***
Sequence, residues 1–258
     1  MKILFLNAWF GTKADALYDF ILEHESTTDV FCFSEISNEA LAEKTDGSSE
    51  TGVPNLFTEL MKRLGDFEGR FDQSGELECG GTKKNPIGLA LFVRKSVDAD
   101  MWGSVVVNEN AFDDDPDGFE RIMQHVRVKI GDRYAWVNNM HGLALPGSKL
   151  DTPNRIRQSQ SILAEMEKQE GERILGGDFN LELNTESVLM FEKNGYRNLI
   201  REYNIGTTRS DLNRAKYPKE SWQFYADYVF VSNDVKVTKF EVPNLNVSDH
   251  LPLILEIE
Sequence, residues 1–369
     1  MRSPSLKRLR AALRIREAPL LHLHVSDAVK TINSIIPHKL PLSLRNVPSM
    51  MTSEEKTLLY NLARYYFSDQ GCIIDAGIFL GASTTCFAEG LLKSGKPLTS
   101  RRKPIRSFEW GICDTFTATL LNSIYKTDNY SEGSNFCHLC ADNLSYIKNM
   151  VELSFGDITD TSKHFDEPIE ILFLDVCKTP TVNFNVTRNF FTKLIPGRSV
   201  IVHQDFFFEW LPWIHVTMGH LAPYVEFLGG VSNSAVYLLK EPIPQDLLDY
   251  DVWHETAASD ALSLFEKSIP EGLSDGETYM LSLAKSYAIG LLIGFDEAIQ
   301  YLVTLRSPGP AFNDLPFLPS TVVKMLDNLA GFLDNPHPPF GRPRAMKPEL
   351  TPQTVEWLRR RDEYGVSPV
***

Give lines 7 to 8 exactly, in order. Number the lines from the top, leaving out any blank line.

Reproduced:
   251  LPLILEIE
Sequence, residues 1–369